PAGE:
In early August 2005 we visited several formations which had appeared that season in the vicinity of Garsington, Oxfordshire. Garsington (and, to a lesser extent, neighbouring Toot Balden) has been a nexus of crop circle activity since the 1990s, and each season sees at least a handful of circles there. 2005 was the area’s busiest year with seven formations in all; one in rape (and a rape formation at Toot Balden), one in barley, one in grass, and four in wheat.
On visiting a wheat formation which was originally discovered on 15th July 2005, we were somewhat perturbed to find areas of very ripe – though very stunted – crop in the same field.
Though the stems were much shorter than the surrounding crop, in some cases being little more than a few inches in height, they nonetheless had intact and ripe seedheads.
We’re not suggesting that this had anything to do with the circle; it wasn’t on a tramline that was touched by the formation, and since it is highly unlikely that the crop could have shrunk, the root cause (pun unintended) must have been from when the crop was still very young, causing the stem to stop growing yet allowing the seedhead to develop fully.
Nonetheless, we’re still very intrigued, and if any of our readers of a more botanical bent can shed any light on what might have happened, please let us know.
The July 15th Garsington circle at ground level (above) and from the air (below).
Update May 2007 (reporting on events from May 2006):
2006 was a quieter year for Garsington, with only two circles, both towards the end of the season in wheat and both – we suspect – technically in Toot Balden.
We re-visited the area in May of that year, looking out for new circles, and were surprised to see a very prominent ‘ghost’ of the 2005 formation described above.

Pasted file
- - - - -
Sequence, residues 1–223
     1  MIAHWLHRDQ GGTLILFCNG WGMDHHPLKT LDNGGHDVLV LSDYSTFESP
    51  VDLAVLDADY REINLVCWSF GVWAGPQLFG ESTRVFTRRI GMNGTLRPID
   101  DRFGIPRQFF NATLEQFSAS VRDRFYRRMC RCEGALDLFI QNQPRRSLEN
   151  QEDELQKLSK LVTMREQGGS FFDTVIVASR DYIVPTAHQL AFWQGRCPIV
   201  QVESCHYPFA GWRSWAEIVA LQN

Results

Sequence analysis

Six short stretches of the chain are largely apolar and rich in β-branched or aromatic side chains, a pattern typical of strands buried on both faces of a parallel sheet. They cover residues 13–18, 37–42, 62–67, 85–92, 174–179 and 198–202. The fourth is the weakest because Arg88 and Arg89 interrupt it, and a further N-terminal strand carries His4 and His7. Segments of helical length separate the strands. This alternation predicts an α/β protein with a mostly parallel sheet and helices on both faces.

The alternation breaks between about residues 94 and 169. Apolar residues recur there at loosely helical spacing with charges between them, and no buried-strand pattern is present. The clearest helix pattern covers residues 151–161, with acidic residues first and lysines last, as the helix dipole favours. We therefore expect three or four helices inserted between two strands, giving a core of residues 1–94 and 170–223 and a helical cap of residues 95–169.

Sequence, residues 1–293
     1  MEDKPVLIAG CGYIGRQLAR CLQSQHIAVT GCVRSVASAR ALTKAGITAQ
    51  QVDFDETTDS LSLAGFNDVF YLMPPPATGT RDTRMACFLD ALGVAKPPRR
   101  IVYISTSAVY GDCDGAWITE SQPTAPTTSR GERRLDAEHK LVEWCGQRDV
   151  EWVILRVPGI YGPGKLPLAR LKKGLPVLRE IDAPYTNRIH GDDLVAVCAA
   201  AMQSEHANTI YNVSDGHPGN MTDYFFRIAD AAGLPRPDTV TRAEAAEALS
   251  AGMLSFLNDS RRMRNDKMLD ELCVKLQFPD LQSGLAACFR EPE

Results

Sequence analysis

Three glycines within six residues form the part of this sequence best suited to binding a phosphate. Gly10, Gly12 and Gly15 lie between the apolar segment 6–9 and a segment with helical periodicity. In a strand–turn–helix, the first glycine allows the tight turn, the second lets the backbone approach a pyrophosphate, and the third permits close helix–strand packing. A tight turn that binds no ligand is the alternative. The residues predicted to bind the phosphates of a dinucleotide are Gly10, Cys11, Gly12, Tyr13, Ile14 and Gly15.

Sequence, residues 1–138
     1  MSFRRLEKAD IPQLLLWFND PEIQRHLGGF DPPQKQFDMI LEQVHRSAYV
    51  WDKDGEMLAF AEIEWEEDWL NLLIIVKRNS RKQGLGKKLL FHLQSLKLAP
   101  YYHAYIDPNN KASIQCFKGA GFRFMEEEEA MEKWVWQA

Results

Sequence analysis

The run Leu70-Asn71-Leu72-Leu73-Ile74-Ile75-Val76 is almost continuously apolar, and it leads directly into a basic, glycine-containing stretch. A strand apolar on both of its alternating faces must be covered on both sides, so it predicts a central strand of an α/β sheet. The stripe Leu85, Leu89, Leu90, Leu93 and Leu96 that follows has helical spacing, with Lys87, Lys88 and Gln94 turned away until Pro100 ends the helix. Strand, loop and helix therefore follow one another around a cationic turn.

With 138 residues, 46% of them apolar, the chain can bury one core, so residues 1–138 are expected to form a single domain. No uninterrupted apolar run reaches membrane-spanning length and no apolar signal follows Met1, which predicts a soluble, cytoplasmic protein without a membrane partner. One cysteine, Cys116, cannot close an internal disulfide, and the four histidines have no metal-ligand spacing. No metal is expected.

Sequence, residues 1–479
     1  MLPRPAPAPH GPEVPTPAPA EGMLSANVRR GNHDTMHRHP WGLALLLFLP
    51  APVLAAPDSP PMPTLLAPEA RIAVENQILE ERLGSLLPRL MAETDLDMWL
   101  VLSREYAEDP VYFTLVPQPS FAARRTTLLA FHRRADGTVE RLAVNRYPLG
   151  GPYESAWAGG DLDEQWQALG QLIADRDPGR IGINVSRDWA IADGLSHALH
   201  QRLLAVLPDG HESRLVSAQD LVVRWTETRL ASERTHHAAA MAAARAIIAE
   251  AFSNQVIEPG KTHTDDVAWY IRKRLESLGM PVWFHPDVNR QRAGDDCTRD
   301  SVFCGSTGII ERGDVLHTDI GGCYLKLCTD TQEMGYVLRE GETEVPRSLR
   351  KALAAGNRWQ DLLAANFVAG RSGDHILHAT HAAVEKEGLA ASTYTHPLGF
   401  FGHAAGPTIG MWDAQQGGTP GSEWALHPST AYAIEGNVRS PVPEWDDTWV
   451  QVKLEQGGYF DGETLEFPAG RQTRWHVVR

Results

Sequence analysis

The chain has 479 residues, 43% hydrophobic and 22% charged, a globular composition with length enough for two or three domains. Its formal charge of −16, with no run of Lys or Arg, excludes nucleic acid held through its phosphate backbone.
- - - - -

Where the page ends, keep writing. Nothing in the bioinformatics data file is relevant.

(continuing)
We weren’t expecting it to be there, spotted it from a distance (photo above, taken with zoom lens) and treked to the field anticipating discovery of a new circle. On the way we encountered a shotgun-carrying farmer, at which point we got out our OS map and pretended to be lost and looking for a footpath. It turned out that said farmer didn’t even own the land we were trespassing on and cheerfully pointed us in the right direction before fingering his beltful of ammo and heading in the opposite direction.
When we got to the field we were most put-out to discover that it wasn’t a new circle at all, just bald patches in a rape field (see photo below). Then we set about looking at what was actually on the ground in front of us. It wasn’t a circle, but it was certainly something interesting.
Clear circles, defining elements of the original formation, but a year on and in an entirely different crop.
Our personal suspicion is that it was nothing esoteric, and could perhaps be explained merely as the activities (or not) of a lazy farmer. Taking a close look at the ground, there were a great many cut but not picked-up wheat stems. Which suggested the field hadn’t been ploughed properly, and stems which had been flattened in the original circle or by trampling visitors still lay in their same positions from the previous Summer and that the rape had merely been planted on top or amongst them and not grown due to their obscuring the light.
This picture below shows cut wheat stems which were thick on the ground throughout this ‘ghost’. Said stems are also clearly visible in the picture above.
We don’t think there was a direct link between the anomalous crop we saw in this field in 2005, and the circle there, and the 2006 ‘ghost’. We see prosaic explanations for all these things but also see the synchronicity of ‘the other’.